TIPS OF THE DAY
Summer reading by the pool is a very relaxing and rewarding activity, but for bookworms who can read multiple books each week, it can be expensive. Of course, there is always your public library, but if you are looking for other affordable alternatives to pay full price for books then you are in luck. Read on to find out how you can get great deals on books:
First of all: the classics. If you want to read them for free, check out Project Gutenberg, which has an extensive library of over 45,000 titles in English, as well as others in French, German, and Portuguese. The site does not require registration or payment, although it does accept donations in order to continue adding new, quality titles to its database of online and downloadable ebooks.
Free books on Amazon
If reading overpriced (and overpriced) new releases isn’t a priority for you, check out the best free books in the Amazon Kindle store. Often times, new authors want to generate interest in their novels and offer them for free early on in order to get more attention to their book through word-of-mouth reviews and recommendations. If you take advantage of the free selections from the Kindle Store, it’s always nice to leave a review with the author (good or bad, any kind of feedback is worth it).
Book Blog Gifts
Do you frequent other people’s blogs for book recommendations? If so, you might have seen them throwing giveaways every now and then and if you don’t enter these contests you might be missing out on free books! It’s for advertising, sure, but it’s a win-win for everyone because you could get a free advanced copy of a book, so why not give it a try?
Create your own blog of books
If you are truly a voracious reader and want to let the world know about your literary likes and dislikes, then why not start a blog? Once you’re established, you can potentially request ARCs (Advanced Reading Copies) from publishers, thereby getting a book before most people have a chance to read it. The key is to blog about every book you read, preferably in a genre niche (like Romance or Young Adult), which will give you more credibility when approaching publishers for ARCs.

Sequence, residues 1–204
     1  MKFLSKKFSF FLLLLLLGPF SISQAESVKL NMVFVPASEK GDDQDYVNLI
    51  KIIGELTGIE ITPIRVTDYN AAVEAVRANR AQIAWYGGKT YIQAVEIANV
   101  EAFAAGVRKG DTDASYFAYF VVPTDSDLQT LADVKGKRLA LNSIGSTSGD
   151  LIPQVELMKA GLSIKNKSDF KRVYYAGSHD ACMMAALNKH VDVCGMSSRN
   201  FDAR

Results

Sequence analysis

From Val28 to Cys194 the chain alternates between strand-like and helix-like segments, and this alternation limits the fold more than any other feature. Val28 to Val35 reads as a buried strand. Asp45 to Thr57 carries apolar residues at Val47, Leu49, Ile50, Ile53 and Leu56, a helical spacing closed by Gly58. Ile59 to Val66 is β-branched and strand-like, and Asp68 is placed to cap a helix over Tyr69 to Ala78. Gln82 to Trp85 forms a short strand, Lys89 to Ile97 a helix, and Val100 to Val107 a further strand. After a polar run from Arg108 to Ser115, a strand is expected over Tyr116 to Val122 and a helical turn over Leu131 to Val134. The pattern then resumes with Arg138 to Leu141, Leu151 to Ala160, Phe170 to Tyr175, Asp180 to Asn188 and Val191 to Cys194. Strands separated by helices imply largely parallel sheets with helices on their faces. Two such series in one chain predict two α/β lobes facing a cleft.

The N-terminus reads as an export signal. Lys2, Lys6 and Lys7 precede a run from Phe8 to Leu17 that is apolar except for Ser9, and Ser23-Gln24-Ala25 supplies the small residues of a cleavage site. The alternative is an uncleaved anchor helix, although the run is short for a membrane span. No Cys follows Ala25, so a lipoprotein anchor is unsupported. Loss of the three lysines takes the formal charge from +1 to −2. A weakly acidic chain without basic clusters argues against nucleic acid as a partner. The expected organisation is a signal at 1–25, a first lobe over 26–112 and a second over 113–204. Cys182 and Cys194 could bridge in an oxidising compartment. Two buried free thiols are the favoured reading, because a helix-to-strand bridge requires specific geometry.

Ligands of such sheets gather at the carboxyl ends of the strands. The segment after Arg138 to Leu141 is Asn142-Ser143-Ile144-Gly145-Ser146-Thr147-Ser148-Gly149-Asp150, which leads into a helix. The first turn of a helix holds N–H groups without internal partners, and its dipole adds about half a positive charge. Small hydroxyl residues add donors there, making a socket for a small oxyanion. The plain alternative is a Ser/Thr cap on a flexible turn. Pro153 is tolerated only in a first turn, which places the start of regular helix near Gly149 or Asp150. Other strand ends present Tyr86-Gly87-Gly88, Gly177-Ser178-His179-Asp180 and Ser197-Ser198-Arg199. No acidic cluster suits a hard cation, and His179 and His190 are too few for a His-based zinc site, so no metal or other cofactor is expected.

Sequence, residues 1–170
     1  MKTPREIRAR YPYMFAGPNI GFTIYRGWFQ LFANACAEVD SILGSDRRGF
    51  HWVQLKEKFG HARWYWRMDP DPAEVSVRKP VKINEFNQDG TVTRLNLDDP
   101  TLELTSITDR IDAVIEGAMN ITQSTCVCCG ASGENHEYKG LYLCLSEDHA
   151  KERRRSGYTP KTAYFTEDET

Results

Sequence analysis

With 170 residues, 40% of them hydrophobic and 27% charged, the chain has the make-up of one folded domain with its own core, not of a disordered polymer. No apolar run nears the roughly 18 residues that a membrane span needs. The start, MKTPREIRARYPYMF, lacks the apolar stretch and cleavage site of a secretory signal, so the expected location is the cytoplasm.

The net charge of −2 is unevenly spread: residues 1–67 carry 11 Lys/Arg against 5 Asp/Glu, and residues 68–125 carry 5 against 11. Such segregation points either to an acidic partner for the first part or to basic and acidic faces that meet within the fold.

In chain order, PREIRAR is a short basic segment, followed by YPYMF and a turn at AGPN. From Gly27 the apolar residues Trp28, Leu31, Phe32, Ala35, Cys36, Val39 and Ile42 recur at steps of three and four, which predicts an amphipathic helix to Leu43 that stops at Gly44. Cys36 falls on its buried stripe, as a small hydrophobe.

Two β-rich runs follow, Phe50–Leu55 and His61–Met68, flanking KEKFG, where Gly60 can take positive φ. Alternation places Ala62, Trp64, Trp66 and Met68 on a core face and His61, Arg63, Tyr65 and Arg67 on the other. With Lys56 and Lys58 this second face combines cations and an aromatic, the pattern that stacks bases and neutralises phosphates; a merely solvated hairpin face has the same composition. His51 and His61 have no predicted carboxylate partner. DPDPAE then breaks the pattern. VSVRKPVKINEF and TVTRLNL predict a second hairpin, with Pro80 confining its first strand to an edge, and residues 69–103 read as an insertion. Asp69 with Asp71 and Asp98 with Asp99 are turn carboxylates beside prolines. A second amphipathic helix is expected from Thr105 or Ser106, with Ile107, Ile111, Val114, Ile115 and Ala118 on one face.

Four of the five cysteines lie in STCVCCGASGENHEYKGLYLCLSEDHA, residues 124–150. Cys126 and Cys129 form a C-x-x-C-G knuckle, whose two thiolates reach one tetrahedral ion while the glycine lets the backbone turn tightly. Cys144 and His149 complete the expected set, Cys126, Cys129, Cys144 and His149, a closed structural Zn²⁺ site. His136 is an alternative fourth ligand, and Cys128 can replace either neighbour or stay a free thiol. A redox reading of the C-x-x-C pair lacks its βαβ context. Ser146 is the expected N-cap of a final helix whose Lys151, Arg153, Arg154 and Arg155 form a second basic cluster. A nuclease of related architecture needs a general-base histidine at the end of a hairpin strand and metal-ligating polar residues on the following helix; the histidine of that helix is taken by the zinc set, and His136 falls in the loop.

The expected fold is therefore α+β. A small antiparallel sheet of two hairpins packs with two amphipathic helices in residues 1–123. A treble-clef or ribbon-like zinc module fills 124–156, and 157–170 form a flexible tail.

For $ 8.99 per month, you can browse millions of online publications (including many bestselling books) through Scribd. There is no limit to the number of books you can read, and Scribd is available on multiple digital platforms: iPad, iPhone, Android, and desktop browsers. If that sounds like something you’re interested in, Scribd even offers a free trial for those who create an account.
Book Trading Sites
If you prefer the paper versions rather than the online versions of the books, you can consider a book selling website, such as Paperback Swap or BookMooch. These sites are free; all you have to do is sign up and donate some of your own books in addition to asking others for books (it’s not fair to just ask, of course). On some sites (such as BookMooch) you get points for sending your books to other readers and, in turn, use the points you accumulate to request books. Browse the different sites to find the one that best suits your reading habits.
Last but not least, if you are a student, you might get some great deals on books and other reading materials. When it comes to books, you can get two-day free shipping on paper books through Amazon Student, save on textbooks through websites like Chegg, and get other book discounts through StudentUniverse. For reading material other than books, check your university’s library online for offers. You can probably get free access to most magazines, journals, and other mainstream publications that would otherwise charge you a pretty dime each month for a subscription.